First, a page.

It wasn't all bad
2:37 p.m.

A new program in California is helping former inmates get back on their feet by pairing them up with people who have rooms to spare, NPR reports.

The Homecoming Project, run by nonprofit organization Impact Justice in Alameda County, California, gives subsidies to those who are willing to rent a room to a recently-released former inmate. The group covers the formerly incarcerated person's rent for six months and goes through a lengthy screening process to find a good home for them. Not only does the organization aim to help former inmates return to a normal life as quickly as possible rather going from prison into restricted communal living, but they also hope to fight misconceptions about ex-convicts in general, they told NPR.

"Project Homecoming says you're a person and we're going to treat you like a person and give you the footholds and the scaffolding to be able to come back home and to be a full member of society just like anybody else," said Alex Busansky, who runs Impact Justice.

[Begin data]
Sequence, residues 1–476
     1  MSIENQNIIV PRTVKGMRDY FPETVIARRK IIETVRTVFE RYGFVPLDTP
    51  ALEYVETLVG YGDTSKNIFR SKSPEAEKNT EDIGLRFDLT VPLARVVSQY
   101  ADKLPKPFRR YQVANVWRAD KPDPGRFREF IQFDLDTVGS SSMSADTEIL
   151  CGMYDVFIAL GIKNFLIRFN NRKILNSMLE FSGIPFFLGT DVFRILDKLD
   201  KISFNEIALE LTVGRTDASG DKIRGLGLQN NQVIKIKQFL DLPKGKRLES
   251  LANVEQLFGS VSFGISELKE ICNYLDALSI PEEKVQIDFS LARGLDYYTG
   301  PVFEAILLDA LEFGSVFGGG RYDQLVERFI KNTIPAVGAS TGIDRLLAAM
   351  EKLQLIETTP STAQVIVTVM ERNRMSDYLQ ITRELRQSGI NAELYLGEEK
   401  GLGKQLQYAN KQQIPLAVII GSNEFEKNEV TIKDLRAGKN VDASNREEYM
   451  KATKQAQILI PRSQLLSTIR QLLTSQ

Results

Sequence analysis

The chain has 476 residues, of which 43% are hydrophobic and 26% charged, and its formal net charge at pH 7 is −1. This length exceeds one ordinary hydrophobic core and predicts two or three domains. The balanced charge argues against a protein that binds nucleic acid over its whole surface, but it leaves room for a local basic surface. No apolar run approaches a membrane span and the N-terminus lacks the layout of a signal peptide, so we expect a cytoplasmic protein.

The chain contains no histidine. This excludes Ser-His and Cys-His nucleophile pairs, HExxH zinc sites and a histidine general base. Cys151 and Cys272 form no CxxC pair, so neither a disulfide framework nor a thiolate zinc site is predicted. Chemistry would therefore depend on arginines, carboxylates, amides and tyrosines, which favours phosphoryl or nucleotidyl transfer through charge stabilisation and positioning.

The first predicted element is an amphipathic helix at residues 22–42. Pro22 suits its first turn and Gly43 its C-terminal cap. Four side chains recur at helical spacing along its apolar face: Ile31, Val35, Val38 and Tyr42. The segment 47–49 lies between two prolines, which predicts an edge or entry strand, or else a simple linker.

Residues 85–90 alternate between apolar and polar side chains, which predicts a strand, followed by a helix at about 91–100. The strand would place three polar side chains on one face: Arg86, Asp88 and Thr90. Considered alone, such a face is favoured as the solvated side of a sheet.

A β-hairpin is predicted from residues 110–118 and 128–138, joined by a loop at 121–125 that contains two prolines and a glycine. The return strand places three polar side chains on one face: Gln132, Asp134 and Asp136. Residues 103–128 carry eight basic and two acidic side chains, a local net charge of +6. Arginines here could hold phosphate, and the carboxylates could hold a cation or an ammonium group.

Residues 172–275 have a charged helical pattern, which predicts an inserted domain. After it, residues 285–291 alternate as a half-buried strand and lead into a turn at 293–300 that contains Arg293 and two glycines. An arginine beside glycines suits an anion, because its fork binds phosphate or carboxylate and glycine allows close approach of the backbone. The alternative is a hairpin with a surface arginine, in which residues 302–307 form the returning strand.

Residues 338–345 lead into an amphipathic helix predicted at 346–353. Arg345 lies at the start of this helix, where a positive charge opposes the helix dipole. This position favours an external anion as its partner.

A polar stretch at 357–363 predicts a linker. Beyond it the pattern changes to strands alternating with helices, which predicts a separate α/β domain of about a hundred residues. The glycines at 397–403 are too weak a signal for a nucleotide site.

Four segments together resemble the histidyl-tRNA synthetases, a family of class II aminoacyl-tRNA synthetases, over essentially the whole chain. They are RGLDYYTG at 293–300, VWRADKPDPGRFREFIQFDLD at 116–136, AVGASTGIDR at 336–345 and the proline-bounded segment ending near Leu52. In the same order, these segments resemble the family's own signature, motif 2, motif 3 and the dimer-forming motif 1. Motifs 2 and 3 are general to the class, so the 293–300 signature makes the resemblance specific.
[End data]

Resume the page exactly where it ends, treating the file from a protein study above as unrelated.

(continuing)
Coordinator Terah Lawyer also told NPR that "most of our hosts are familiar with redemption and change and want to be a part of helping be the stepping stone for someone's second chance." There are currently only six former inmates participating in the program, but Impact Justice says it is looking to expand to 25 this year. Brendan Morrow

January 16, 2019

A new study shows that stem cell transplants could stop symptoms in some people with multiple sclerosis, an autoimmune disease that affects 2.3 million patients worldwide.

MS targets the central nervous system, with the immune system attacking the protective sheath covering nerves. During the clinical trial, patients were admitted to the hospital for two weeks, and they had their own stem cells collected and stored. They received high-dose chemotherapy treatments, which wiped out their immune systems. Their stem cells were then infused back into their bodies, giving their immune systems a reboot. Fewer than 10 percent of participants subsequently reported that their condition got worse, versus more than 75 percent of patients whose disease got worse after taking medications for MS over a five-year period.